A noticeable feature of the highways in the Federal Capital Territory (FCT) are the pedestrian bridges. Given the busy nature of the roads, they are located in multiple parts of the city to help residents cross motorways without the risk of being hit by cars.
Many FCT residents have offered various reasons for abandoning the pedestrian bridges, including the relative distance from bus stops in some cases and the extra time required to complete the journey.
Emmanuel Patrick, a resident of Gishiri, told ICIR that the bridge at the NICON intersection was quite a distance from the bus stop.
He said walking to the bridge, crossing and back to the bus stop took a lot of time and energy, instead of just running across the street.
“Looking at the distance from where I have to walk, then get off (from the bridge) before I take a taxi, when you’re late, you just have to take the risk,” he said.
Climbing the steps of the pedestrian bridge at the NICON intersection is a titanic task for Esther Onyeno, who resides in the area.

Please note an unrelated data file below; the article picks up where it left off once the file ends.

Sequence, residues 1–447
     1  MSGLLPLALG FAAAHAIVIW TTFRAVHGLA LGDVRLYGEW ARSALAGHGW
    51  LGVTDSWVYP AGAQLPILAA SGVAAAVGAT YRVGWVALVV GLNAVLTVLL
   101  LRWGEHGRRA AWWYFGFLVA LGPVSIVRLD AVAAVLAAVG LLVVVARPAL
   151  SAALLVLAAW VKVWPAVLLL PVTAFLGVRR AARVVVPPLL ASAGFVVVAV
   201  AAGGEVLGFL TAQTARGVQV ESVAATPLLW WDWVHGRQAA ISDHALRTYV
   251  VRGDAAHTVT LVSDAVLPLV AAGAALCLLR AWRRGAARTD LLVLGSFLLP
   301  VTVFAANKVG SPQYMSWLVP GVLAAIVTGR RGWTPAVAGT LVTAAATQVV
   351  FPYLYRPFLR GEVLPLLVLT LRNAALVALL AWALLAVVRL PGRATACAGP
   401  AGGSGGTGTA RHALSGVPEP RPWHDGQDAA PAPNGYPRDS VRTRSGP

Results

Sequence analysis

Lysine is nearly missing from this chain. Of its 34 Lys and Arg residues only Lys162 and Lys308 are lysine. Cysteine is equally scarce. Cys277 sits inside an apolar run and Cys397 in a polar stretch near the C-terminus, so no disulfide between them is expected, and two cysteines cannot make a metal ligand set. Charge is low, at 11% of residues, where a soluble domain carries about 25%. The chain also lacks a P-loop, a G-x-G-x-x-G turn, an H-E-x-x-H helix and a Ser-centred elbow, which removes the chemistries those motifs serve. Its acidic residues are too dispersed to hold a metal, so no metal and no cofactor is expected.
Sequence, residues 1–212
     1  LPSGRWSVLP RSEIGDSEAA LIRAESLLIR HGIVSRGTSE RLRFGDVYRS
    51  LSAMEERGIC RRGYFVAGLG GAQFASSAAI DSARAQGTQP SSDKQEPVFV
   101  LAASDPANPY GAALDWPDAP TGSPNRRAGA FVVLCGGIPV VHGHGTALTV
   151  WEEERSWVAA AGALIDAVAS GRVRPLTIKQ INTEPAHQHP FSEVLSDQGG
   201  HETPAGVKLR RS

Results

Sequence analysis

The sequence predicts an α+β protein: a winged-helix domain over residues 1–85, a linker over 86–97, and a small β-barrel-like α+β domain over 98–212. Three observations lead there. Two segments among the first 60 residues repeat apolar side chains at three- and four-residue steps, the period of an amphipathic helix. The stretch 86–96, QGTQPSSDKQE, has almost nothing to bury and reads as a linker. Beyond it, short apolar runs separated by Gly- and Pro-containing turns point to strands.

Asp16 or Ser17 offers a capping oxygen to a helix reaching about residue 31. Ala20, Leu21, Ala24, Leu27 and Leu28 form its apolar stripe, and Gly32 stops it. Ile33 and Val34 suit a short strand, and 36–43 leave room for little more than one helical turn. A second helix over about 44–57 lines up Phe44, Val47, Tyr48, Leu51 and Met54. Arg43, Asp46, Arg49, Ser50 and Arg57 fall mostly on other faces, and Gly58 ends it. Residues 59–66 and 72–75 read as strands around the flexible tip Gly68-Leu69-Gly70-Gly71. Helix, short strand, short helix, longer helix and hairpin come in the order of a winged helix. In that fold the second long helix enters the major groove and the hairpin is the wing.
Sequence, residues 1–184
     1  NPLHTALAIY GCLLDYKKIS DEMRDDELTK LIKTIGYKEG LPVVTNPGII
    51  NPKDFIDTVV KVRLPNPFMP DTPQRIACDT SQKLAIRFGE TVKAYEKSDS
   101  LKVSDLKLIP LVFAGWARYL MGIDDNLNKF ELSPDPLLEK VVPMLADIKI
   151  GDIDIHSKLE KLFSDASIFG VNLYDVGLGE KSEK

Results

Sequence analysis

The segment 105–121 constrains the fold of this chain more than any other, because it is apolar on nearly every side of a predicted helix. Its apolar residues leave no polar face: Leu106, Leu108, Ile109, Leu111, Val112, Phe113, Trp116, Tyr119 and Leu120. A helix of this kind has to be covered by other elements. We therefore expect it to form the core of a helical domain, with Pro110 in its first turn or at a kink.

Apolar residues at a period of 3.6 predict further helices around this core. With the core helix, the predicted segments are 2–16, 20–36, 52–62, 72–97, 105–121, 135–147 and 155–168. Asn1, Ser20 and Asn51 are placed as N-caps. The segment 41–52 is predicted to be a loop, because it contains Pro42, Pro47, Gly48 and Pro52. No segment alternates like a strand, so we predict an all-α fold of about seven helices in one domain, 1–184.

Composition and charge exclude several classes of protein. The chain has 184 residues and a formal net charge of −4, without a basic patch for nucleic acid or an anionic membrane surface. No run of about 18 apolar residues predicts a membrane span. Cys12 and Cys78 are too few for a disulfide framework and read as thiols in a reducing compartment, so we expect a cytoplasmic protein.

“The pedestrian bridge is too far. And the steps, if you go up the first one, you won’t like doing it next time. The steps aren’t spaced apart and it’s usually painful on the thighs, ”he said.
In Abuja, most of the highways are usually divided by concrete and barbed wire barriers that act as barricades against road crossings. However, some of the barricades were vandalized in many areas.
The FCT administration had, therefore, resorted to building stronger road barricades with iron fences in areas such as Wuye and Area 3.
At the intersection of Area 3, this construction is still ongoing, but many locals and commuters don’t like it.
Some may still be spotted crossing the freeway and jumping through barriers despite construction work in progress.